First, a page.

Students return to in-person research at PLU
Thanks, to a $213,500 three-year research award from the National Science Foundation, four undergrad PLU students spent 10 weeks this past summer participating in intensive lab research.
“The first week or two of working in the lab was very stressful. I, like my coworkers, lacked lab experience due to the pandemic and everything was intimidating at first,” engineering major Sandy Montgomery ’23 says. “Once I had a couple of weeks to figure out where everything was and to practice basic techniques, I felt much more comfortable working independently.”
The work centers on polymers — large molecules made up of smaller molecules linked together like a chain — which make up everything from nylon and polyester clothing to Teflon pans. In the future, it may improve lithium-ion batteries.
Jackie Lindstrom ’22, a chemistry major and fellow student researcher, said that after the year of remote learning, the in-lab experience was invaluable. “I am more appreciative of all the hard work that goes into improving technologies such as batteries,” she says. “It was exciting to work on a project that could help to support the switch away from fossil fuels.”
The students worked under PLU Chemistry professor Dean Waldow. For more than a decade, Waldow has been bringing students into his lab to help him build a better battery. Over the years, close to 30 students have been involved in the process.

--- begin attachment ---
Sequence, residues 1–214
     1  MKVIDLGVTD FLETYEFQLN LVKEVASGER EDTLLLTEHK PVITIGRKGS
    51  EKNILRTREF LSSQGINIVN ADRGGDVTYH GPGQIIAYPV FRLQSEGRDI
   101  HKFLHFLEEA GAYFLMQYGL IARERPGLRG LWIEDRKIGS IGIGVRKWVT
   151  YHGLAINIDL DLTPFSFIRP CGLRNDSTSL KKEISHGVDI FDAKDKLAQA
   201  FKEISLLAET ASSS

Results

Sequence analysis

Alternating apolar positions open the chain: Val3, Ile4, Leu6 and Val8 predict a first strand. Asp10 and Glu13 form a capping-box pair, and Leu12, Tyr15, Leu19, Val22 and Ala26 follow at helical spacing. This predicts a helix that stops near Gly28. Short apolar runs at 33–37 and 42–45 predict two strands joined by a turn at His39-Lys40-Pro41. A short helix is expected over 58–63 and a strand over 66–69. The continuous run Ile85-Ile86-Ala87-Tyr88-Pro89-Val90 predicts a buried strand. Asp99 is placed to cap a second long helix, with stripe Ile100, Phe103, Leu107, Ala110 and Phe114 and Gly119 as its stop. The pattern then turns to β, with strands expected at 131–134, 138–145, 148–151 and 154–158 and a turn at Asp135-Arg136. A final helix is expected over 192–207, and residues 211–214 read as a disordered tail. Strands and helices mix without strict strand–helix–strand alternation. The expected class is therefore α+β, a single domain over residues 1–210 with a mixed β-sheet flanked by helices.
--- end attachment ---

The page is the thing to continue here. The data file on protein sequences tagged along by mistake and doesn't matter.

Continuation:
Currently, most lithium-ion batteries use an organic liquid (made of compounds that contain carbon atoms) to move ions, and they work well in smaller electronics, as well as new electric vehicles, but can become dangerous.
These liquids, in particular, can even be flammable under the right circumstances. Remember Samsung’s exploding cell phones in 2017? That problem, as well as some safety concerns around electric vehicle batteries, can be attributed to issues with organic liquid-core batteries.
In the lab, Waldow and his students work to design, build and test molecules that can not only help make batteries safer, but also charge them faster and store energy from renewable sources such as wind and solar. One goal is to create a solid-state battery that does not rely on an organic liquid to move ions in the battery. It’s work that Waldow hopes will help humans make the shift away from fossil fuels.
“Not only should solid-state batteries be better from a safety perspective, but the time it takes to charge could be lessened and how much energy you could store in the battery would presumably be higher,” Waldow explains. “So, that could translate into being able to drive more miles in an electric car before recharging, for example.”
Waldow says requiring less frequent charging can remove some of the barriers that dissuade people from choosing electric cars.
“Depending on how much you want to charge an electric car battery, it takes 30-40 minutes for a good charge. People may become impatient with that and just want to go to a gas station and fill up,” he says. “The limits to those charging times can be attributed to different parts of the battery, which is what makes this research exciting for students.”
Now, buoyed by the NSF grant and a recent partnership with the University of Washington, Waldow’s polymer experiments are being used to create organic transistors based on polymers. While batteries store energy, transistors control the flow of and amplify electric currents. They are crucial elements of nearly all modern electronics. Waldow and his team hope to find ways to improve organic transistors for possible use in biological and medical applications.
“What’s really satisfying is to see students realize that they can do this themselves,” he says. “To see students develop confidence and curiosity and start to ask their own questions, and then apply that level of curiosity and skill to whatever they do next is the most rewarding.”